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Kirby Smith

Facts, information and articles about Kirby Smith, a Civil War General during the American Civil War

Kirby Smith Facts

Born

May 16, 1824 St. Augustine, Florida

Died

March 28, 1893 Sewanee, Tennessee

Nickname

Ted, Seminole

Rank

Major (USA)
General (CSA)

Years Of Service

1845–61 (USA)
1861–65 (CSA)

Battles Fought

Mexican-American War
American Civil War
Trans-Mississippi Theater
Battle Of Vicksburg

Kirby Smith Articles

Explore articles from the History Net archives about Kirby Smith

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Kirby Smith summary: Edmund Kirby Smith was born in St. Augustine, Florida on April 24th 1824. He got his nickname Seminole because of his native state. He went to a military boarding school, and then the United States Military Academy. Smith married Cassie Seldon and bore five sons and six daughters. In 1847, his elder brother Ephraim died from wounds obtained in the Battle of Molino Del Rey in which Smith also fought.

Kirby Smith Enters The Civil War

Smith joined as a Major in the regular artillery with the Confederate forces. He was quickly promoted through the ranks to brigadier general in 1861. His neck and shoulder were badly wounded while leading his troops in the battle of Bull Run, but despite this, returned to duty a few months later. The following February, he was to command the Army of East Tennessee and won a victorious combat at the Battle of Richmond. On February 17th 1864 for his victory, Smith received the Confederate “Thanks of Congress”.

The Trans-Mississippi Theater

In 1863 he was sent to command the Trans-Mississippi Theater and he remained on the west side of the Mississippi for the remainder of the war. He found himself isolated from Richmond after the Union forces captured Vicksburg and Port Hudson. Smith established himself in command of an almost independent area, which became known as Kirby Smithdom. He continued to try to win back Vicksburg against the Union from the west side of the Mississippi but was never successful. In 1865, by which he was now a general, he had negotiated surrender on May 26th. Following the signed agreement, he fled to Mexico, and then to Cuba, fearing prosecution for treason. Smith returned to Virginia November 14th 1865 to take an oath of Amnesty. He died of pneumonia in 1893.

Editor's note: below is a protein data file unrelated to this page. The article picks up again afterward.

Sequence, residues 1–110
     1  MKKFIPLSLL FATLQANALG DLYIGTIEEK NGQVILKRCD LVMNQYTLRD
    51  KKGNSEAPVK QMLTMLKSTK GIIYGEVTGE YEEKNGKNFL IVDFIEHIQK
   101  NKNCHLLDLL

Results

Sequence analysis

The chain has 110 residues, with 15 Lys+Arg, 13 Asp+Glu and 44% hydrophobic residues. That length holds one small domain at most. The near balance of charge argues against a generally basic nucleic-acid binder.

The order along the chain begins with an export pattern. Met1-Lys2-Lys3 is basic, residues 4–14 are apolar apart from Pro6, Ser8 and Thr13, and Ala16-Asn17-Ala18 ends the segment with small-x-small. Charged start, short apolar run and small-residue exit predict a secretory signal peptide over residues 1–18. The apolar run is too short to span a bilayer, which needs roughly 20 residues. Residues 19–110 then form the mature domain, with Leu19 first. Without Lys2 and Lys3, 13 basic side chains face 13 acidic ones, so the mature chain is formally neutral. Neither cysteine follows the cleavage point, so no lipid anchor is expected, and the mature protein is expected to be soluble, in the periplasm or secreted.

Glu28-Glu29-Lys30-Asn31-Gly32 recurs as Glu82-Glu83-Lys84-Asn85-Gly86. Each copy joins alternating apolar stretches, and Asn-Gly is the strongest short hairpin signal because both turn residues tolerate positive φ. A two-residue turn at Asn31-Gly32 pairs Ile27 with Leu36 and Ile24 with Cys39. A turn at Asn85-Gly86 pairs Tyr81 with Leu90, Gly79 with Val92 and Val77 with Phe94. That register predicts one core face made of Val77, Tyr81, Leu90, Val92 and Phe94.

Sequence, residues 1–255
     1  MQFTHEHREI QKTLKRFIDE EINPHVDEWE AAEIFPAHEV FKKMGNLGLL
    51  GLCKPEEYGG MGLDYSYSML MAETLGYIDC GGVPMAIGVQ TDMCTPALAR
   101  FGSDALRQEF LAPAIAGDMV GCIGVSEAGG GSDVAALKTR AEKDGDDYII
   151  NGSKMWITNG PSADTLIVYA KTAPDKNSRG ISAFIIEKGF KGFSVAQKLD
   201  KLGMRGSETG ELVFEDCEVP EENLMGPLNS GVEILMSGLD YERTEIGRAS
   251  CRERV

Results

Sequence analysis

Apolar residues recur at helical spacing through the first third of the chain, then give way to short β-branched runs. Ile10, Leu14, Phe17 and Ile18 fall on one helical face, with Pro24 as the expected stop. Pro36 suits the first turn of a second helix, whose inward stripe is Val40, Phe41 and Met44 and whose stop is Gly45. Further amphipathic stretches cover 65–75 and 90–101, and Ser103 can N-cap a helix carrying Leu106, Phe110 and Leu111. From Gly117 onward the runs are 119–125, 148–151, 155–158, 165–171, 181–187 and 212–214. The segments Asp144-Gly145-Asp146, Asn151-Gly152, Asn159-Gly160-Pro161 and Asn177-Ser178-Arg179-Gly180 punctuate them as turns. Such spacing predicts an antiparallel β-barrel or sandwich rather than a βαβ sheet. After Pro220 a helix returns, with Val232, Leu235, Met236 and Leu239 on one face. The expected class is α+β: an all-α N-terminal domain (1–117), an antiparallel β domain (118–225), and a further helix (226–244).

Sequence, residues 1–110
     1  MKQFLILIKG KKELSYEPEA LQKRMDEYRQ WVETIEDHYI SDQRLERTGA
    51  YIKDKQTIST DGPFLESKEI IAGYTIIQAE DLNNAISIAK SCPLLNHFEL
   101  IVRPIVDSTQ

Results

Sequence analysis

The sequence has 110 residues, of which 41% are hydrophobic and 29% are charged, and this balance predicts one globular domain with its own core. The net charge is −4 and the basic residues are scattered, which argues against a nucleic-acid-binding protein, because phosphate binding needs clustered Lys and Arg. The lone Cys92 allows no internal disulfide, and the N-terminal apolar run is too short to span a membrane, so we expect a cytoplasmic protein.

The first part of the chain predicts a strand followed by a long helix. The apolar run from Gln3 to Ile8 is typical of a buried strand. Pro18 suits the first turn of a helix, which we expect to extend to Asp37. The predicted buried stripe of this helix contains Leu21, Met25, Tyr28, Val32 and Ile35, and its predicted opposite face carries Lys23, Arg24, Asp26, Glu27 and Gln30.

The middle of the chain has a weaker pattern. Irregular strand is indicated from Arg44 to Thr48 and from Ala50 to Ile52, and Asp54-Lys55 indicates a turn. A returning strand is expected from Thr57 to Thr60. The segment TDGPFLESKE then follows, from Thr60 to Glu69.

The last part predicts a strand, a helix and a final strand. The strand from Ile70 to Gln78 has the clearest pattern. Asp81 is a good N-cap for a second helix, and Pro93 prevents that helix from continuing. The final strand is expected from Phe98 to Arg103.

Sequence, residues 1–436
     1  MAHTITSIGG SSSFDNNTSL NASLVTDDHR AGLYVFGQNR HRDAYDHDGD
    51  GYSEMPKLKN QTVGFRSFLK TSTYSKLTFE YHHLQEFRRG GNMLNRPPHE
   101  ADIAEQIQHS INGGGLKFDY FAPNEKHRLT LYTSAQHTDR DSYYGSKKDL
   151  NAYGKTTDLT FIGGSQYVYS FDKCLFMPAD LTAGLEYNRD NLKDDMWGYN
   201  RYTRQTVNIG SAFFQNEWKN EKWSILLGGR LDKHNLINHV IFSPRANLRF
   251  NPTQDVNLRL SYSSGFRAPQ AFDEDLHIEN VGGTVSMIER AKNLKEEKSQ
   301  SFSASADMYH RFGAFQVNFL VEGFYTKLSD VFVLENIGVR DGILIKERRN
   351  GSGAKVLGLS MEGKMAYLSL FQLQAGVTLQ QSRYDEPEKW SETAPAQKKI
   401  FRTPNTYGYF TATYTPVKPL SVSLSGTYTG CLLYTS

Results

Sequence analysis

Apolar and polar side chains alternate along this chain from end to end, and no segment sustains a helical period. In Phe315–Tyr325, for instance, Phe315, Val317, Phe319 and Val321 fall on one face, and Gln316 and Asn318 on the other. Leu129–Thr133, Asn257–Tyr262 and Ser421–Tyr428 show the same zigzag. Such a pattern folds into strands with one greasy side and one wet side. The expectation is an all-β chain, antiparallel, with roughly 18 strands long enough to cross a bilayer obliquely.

Articles Featuring Kirby Smith From History Net Magazines

Articles 1

An Englishman’s Journey Through the Confederacy – July ’96 America’s Civil War FeatureSuave, gentlemanly Lt. Col. Arthur Fremantle of Her Majesty’s Coldstream Guards picked an unusual vacation spot: the Civil War-torn United States. By Robert R. Hodges, Jr. After graduating from Sandhurst, Great Britain’s West Point, Arthur James Lyon Fremantle entered the army in 1852 and soon became an officer in England’s renowned Coldstream Guards (both his …
Battle for the Bluegrass – Mar. ’97 America’s Civil War FeatureIt had been almost one month since Confederate General Braxton Bragg had pulled off an organizational masterpiece–four weeks since the first troop trains had rumbled into Chattanooga, Tennessee, completing an improbable 800-mile odyssey. Bragg had engineered one of the most innovative strategic strokes of the Civil War. An entire Confederate Army had been lifted from …
The Proving Ground – April ’96 Civil War Times FeaturethePROVINGground The Mexican War gave future civil war generals their first taste of combatJOHN C. WAUGH Chatham Roberdeau Wheat would one day lead a famous Louisiana battalion called “Wheat’s Tigers” into battle for the Confederacy. He would fight and die in the Battle of Gaines’ Mill, Virginia, in 1862. But that was still some 15 …
Mexican War: The Proving Ground for Future American Civil War GeneralsFor young American army officers of the time, the Mexican War was not only the road to glory, it was the road to promotion--a proving ground for future Civil War generals.

Articles 2

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